Private flood insurance policies could become more widely available in Florida after the Legislature gave final approval Thursday to a bill aimed at jump-starting the market through looser regulation than exists for conventional homeowners’ coverage.
Water rises to just below the base of a fishing pier at Phillippi Estate Park as rain from Tropical Storm Debby causes flooding in Sarasota in 2012.
Lawmakers also gave final approval Thursday to a watered-down Citizens Property Insurance reform bill that is much less aggressive than previous attempts to shrink the state-run company.
The flood insurance legislation sets up a framework for selling private flood policies in Florida and allows insurers to increase rates with limited state oversight through 2019. The bill also makes it easier for unregulated “surplus lines” companies to write flood policies through 2017.
If Scott accepts the bill, the surplus lines insurers — which also set rates without state oversight — could compete directly for flood customers with so-called “admitted carriers,” instead of writing coverage only after three of the regulated insurers have rejected a policy.
Most flood insurance policies in Florida and nationwide currently are written by the federal government.
Federal officials caused an uproar recently with dramatic rate hikes that eventually were rescinded in the face of intense public pressure.
While demand for private policies is likely to be significantly diminished now that Congress has backtracked on the National Flood Insurance Program rate increases, many state lawmakers and free-market groups such as the Florida Chamber of Commerce hailed the legislation as an important step toward providing more consumer choice.
Bill sponsor Sen. Jeff Brandes, R-St. Petersburg, said in a statement Thursday that the legislation “opens the private flood insurance market and frees Floridians from Washington uncertainty and irregularity.”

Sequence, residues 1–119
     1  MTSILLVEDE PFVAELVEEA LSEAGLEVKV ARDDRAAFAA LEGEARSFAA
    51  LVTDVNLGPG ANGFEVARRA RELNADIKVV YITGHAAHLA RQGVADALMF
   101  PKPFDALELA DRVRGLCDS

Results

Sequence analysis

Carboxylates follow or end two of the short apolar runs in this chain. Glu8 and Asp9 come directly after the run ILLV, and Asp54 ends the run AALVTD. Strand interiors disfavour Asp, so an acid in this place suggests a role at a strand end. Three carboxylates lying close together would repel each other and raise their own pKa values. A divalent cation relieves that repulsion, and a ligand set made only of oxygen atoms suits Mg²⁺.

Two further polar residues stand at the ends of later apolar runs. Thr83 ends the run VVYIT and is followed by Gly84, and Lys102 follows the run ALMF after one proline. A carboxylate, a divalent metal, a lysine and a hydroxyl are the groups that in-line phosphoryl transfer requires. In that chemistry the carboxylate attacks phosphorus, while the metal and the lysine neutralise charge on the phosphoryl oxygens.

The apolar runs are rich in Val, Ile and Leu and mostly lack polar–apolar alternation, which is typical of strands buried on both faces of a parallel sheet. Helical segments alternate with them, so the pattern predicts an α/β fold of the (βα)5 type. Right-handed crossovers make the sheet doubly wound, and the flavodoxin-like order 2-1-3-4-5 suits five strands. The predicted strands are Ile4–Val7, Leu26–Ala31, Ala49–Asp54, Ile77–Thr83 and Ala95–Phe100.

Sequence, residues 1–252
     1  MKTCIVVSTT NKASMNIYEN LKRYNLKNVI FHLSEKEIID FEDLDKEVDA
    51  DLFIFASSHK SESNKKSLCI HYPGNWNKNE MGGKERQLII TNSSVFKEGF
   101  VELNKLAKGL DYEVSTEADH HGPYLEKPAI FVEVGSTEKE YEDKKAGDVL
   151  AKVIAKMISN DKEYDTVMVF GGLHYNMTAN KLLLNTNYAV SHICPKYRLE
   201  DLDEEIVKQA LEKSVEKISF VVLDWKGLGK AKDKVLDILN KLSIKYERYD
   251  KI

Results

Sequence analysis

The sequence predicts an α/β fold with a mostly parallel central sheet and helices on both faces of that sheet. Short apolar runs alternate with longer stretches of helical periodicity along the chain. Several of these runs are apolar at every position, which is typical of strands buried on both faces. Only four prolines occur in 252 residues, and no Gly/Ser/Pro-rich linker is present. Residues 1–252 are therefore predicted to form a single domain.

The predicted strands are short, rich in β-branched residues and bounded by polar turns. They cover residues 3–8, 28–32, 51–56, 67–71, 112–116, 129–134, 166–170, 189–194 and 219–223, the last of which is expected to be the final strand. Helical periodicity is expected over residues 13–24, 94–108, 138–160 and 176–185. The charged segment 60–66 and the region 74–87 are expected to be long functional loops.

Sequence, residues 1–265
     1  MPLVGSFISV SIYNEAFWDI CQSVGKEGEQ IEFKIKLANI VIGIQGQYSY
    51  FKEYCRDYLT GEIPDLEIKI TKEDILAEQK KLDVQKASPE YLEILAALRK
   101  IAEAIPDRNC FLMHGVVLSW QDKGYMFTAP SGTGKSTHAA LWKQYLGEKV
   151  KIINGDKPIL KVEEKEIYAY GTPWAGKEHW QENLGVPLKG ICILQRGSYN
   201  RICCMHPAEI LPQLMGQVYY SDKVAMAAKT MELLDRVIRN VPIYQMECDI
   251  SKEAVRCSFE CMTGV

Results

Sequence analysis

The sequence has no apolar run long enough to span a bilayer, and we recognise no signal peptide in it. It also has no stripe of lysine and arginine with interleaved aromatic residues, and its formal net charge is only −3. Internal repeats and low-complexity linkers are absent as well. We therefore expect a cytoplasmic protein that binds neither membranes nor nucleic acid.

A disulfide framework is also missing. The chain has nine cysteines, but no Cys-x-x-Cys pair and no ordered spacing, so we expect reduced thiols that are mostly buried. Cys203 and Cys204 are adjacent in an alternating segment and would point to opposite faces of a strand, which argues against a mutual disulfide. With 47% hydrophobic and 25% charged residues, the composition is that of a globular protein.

Florida has more than one-third of the nation’s flood insurance policies, including 109,000 in Sarasota and Manatee counties.
The flood bill is the most significant piece of property insurance legislation during the Legislature’s 60-day legislative session that ends Friday.
After years of working to kick policyholders out of state-run Citizens Property Insurance through a variety of measures that increased rates and limited coverage, lawmakers took a step back this year.
A Citizens reform bill was watered down in the House earlier this week before clearing the Senate 25-8 Thursday. It now heads to Scott for approval.
Language that would have allowed surplus lines companies to pull policies out of Citizens was removed, although the legislation still includes a provision that could raise rates for master condominium policies by forcing hurricane coverage to be purchased separately from all other perils.
Citizens dropped below 1 million policies this year and steady rate increases have made the company less competitive with private insurers. Lawmakers also wanted to avoid controversial property insurance changes during an election year.
The flood insurance bill drew bi-partisan support after homeowners across the state began complaining about massive increases in federal flood rates last fall. Sales of older, low-elevation homes in coastal communities began stalling after flood insurance costs increased exponentially.
Florida Insurance Commissioner Kevin McCarty praised the flood insurance bill in a statement saying that “promoting choice in the flood insurance market will be good for Florida consumers.”
Critics say private flood policies may be less reliable than those backed by the federal government. And while annual rate hikes are capped in the federal program, private policyholders would face unlimited increases in Florida’s new system.
Anyone who leaves the federal flood insurance program and wants to return also could lose subsidized rates.
House members insisted that homeowners obtain full coverage for the value of their property. The Senate sponsor wanted to allow policyholders to purchase lower amounts of coverage, but some worried that homeowners would not have the necessary financial resources to rebuild after a disaster.
A spokesman for Scott said that the governor plans to review the potential impact on homeowners’ rates before deciding whether to approve the flood insurance reform bill.